S. 1137 (112th): Medical Innovation Prize Fund Act

May 26, 2011 (112th Congress, 2011–2013)
Died (Referred to Committee)
Bernard “Bernie” Sanders
Senator from Vermont
Read Text »
Last Updated
May 26, 2011
25 pages
Related Bills
S. 627 (113th) was a re-introduction of this bill in a later Congress.

Referred to Committee
Last Action: Mar 20, 2013


This bill was introduced on May 26, 2011, in a previous session of Congress, but was not enacted.

Introduced May 26, 2011
Referred to Committee May 26, 2011
Full Title

A bill to provide incentives for investment in research and development for new medicines, to enhance access to new medicines, and for other purposes.


No summaries available.


Senate Health, Education, Labor, and Pensions

Primary Health and Aging

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Primary Source

THOMAS.gov (The Library of Congress)

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GovTrack’s Bill Summary

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Library of Congress Summary

The summary below was written by the Congressional Research Service, which is a nonpartisan division of the Library of Congress.

Medical Innovation Prize Fund Act - Denies any person the exclusive right to manufacture, distribute, sell, or use in interstate commerce a drug, a biological product, or a drug or biological product manufacturing process, including the exclusive right to rely on health registration data or the 30-month stay-of-effectiveness period for Orange Book patents. Prescribes remuneration, in the form of prize payments from a Fund for Medical Innovation Prizes, in lieu of such market exclusivity.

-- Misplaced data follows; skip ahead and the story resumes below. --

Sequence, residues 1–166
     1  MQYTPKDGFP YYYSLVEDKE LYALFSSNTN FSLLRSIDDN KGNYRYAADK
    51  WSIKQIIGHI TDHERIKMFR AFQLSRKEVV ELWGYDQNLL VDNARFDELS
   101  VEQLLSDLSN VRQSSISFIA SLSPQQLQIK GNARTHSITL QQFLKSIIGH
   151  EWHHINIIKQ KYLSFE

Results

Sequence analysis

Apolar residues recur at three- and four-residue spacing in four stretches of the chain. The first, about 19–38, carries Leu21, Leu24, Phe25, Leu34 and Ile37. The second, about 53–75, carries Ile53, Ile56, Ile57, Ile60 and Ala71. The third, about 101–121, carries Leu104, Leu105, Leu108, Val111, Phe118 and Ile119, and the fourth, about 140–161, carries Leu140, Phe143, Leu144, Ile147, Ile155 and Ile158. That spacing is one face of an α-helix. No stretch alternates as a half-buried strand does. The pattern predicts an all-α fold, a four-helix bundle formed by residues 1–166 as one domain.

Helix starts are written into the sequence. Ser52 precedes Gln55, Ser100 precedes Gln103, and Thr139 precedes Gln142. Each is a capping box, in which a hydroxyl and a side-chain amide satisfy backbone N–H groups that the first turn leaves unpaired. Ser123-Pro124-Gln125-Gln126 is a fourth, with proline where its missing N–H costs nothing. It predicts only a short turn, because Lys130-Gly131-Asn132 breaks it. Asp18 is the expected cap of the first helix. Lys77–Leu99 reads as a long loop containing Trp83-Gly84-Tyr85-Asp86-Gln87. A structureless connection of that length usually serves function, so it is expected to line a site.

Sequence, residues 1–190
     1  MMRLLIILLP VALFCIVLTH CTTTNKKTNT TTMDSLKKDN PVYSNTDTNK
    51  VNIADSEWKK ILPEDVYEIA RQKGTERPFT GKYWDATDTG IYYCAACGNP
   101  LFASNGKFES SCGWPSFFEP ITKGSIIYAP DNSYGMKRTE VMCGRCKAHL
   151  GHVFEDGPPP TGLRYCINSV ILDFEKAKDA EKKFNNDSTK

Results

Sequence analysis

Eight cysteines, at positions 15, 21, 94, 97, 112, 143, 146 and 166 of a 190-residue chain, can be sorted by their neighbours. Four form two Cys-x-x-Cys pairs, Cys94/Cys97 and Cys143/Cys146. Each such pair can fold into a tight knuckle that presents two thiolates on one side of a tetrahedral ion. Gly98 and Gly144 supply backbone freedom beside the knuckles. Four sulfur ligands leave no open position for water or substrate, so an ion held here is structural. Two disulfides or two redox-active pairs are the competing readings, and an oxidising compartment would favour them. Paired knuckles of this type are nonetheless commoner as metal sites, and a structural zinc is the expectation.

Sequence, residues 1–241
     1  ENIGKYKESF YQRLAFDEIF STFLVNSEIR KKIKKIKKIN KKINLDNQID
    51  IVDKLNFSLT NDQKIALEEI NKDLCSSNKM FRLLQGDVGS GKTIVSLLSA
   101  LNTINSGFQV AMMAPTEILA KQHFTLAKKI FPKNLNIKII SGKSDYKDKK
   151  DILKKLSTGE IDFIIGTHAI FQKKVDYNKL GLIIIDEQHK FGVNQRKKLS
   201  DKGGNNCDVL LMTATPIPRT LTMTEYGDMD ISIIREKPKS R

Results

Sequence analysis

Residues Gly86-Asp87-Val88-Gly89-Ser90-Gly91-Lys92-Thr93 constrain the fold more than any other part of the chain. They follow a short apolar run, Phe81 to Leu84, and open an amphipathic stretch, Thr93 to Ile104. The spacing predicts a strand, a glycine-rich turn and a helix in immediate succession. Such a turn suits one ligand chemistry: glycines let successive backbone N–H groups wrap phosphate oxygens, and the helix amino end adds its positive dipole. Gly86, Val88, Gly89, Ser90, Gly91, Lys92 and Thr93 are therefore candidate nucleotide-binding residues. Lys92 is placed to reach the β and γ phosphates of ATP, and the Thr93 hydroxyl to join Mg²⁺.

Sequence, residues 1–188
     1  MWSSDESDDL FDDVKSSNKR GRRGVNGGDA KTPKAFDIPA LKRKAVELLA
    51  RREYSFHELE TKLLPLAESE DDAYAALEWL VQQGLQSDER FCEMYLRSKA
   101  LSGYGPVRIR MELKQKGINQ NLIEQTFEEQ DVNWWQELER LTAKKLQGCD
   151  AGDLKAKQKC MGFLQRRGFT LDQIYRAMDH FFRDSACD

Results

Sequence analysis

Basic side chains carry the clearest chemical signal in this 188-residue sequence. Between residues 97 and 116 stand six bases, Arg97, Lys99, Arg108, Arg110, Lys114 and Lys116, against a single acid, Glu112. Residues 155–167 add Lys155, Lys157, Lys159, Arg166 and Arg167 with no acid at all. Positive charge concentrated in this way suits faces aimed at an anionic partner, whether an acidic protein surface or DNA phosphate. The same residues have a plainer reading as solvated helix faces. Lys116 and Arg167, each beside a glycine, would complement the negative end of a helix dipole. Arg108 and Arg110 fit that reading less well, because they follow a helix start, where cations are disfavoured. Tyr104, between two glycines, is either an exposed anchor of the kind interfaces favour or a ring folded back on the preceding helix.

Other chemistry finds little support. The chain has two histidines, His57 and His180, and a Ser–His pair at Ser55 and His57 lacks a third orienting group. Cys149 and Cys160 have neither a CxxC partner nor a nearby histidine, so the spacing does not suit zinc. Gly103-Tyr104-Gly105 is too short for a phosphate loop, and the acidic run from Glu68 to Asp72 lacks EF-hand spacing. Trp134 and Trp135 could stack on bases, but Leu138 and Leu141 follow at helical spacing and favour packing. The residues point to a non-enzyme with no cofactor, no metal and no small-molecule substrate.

Establishes: (1) the Fund for Medical Innovation Prizes; and (2) a Board of Trustees for such Fund, which shall award prize payments for medical innovation and establish independent expert advisory committees.
Directs the Board to award prize payments for medical innovation relating to a drug, a biological product, or a new manufacturing process for a drug or biological product to:
(1) the first person to receive market clearance with respect to the drug or biological product;
(2) the holder of the patent with respect to a manufacturing process; or
(3) persons or communities that as an open source contribution openly shared knowledge, data, materials, and technology on a royalty-free and nondiscriminatory basis.
Requires the Board to establish and periodically modify minimum levels of funding for such awards for priority research and development, including global neglected diseases, orphan diseases, and global infectious diseases and other global public health priorities.
Allows the Board of Trustees to authorize multiple nonprofit intermediaries to reward projects for interim research and development of products or for open source dividend prizes.
Requires the Comptroller General (GAO) to conduct annual audits to determine the Board's effectiveness in bringing to market new drugs, vaccines, biological products, and manufacturing processes in a cost-effective manner and in addressing society's global medical needs.
Establishes an annual fee for health insurers to fund this Act.

House Republican Conference Summary

The summary below was written by the House Republican Conference, which is the caucus of Republicans in the House of Representatives.

No summary available.

House Democratic Caucus Summary

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